Researchers writing in the journal Science describe a groundbreaking new way of genetically engineering plants, that could almost double yields in the world’s most important crops.
The technique, which was tested on tobacco plants as a proxy for crops, works by increasing the efficiency of photosynthesis. This enables plants to grow faster and bigger–and ultimately increases their yields by 40%, the study showed.
The scientists on the new study–who are part of an ambitious, long-term international research project called Realizing Increased Photosynthetic Efficiency—estimate that the boosted productivity could help to feed an additional 200 million people in the Midwestern United States alone, if applied to crops grown there. At a global scale, the genetic tweak could assist in feeding billions more people by 2050, they estimate.
Photosynthesis occurs with the help of an enzyme inside plants called RuBisCo, which latches onto molecules of carbon dioxide to convert them into energy-rich sugars for growth. But about a fifth of the time, RuBisCo grabs onto molecules of oxygen instead.
That presents a major lost opportunity for photosynthesis. That’s because oxygen molecules inside plants go on to create waste products, such as glycolate and ammonia. These have to be recycled in a process called photorespiration, otherwise they will harm the plant. But photorespiration involved a convoluted three-part pathway through a plants’ cells that is very energy-intensive. In turn, this “costs the plant precious energy and resources that it could have invested in photosynthesis to produce more growth and yield,” the researchers explain.
In some crops, in fact, photorespiration is estimated to cause a 50% loss in photosynthesis’ efficiency.
But in their investigations, the researchers were able to engineer tobacco plants (which are useful research subjects because they’re easy to genetically modify) to contain a much shorter photorespiration pathway with fewer steps. This saves on energy and crucially, increases the efficiency of photosynthesis, therefore boosting plant growth. In tests that ran for two years, the researchers showed that tobacco plants grown both in the laboratory and under real-world farming conditions consistently grew faster, taller, and had more biomass than their non-engineered counterparts.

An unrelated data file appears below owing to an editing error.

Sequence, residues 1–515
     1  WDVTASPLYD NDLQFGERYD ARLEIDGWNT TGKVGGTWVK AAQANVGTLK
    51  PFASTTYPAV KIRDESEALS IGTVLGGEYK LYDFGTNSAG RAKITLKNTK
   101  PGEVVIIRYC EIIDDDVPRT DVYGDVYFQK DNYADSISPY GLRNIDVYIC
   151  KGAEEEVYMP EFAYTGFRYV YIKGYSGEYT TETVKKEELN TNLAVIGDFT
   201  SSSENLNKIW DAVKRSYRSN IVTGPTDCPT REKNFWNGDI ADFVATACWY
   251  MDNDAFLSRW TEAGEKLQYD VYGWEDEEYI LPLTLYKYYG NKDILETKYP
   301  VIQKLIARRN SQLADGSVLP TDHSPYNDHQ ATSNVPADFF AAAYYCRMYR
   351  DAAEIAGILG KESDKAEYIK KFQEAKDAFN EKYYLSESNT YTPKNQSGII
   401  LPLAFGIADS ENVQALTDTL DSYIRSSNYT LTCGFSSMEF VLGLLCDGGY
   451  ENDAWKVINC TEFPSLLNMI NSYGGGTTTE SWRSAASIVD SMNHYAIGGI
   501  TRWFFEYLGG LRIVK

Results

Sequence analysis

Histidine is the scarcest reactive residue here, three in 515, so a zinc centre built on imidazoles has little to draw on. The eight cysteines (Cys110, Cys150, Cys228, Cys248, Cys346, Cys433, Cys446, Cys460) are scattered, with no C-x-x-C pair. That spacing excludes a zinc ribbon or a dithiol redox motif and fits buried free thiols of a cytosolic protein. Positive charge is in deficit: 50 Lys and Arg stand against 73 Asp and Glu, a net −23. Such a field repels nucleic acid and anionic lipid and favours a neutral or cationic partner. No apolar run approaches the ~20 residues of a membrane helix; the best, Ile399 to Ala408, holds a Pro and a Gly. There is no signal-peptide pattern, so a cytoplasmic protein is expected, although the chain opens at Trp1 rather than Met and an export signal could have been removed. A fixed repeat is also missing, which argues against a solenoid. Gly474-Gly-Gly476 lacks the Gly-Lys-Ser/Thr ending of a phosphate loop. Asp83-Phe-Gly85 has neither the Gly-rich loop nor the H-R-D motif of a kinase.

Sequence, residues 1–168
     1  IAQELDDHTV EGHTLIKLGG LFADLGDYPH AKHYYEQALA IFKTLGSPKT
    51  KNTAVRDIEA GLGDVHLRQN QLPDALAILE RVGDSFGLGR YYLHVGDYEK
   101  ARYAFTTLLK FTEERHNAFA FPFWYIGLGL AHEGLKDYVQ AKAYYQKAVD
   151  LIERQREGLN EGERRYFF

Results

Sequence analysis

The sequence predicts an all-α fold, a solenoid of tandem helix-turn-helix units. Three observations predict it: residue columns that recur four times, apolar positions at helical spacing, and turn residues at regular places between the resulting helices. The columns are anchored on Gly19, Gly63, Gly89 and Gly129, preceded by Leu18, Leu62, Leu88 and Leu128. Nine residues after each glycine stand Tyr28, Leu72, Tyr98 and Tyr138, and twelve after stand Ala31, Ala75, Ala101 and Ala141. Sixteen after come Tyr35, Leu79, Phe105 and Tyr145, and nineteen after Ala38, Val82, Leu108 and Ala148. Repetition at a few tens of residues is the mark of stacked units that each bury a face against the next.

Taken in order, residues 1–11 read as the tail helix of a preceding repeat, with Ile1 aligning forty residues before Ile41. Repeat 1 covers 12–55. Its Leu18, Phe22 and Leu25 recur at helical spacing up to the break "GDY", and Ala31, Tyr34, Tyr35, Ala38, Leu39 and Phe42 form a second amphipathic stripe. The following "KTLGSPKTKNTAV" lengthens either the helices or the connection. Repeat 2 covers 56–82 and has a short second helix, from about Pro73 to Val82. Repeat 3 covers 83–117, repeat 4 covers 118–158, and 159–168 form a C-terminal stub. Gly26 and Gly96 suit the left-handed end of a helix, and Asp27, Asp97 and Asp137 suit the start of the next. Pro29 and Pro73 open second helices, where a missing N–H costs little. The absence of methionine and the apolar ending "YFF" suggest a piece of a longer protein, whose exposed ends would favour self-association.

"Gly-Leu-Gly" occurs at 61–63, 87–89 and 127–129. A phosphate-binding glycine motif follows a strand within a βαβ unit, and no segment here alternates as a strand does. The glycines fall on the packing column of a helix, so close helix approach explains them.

In hot, dry regions of the world this discovery would be especially valuable: under high heat, RuBisCo struggles even more to differentiate between carbon dioxide and oxygen, leading to even more inefficient photosynthesis. These genetic tweaks would provide a useful way around that stumbling block, in countries that already have a high food security risk.
The researchers are careful to caution that their discovery isn’t a quick-fix, however. It will take several years to engineer crops with these energy-saving traits, and also to ensure that they are as safe to eat as their non-engineered counterparts. But with the rising twin challenges of increasing food production to feed billions more people, and doing so on less land to conserve biodiversity, the researchers believe this could be one powerful way of producing food more efficiently and sustainably.
To reach that goal, now they’re focusing on engineering globally-important staple crops such as soybeans, cowpeas, rice, and potatoes, to contain the beneficial traits. “Our goal is to build better plants that can take the heat today and in the future, to help equip farmers with the technology they need to feed the world,” the researchers say.
Source: South et. al. “Synthetic glycolate metabolism pathways stimulate crop growth and productivity in the field.” Science. 2018.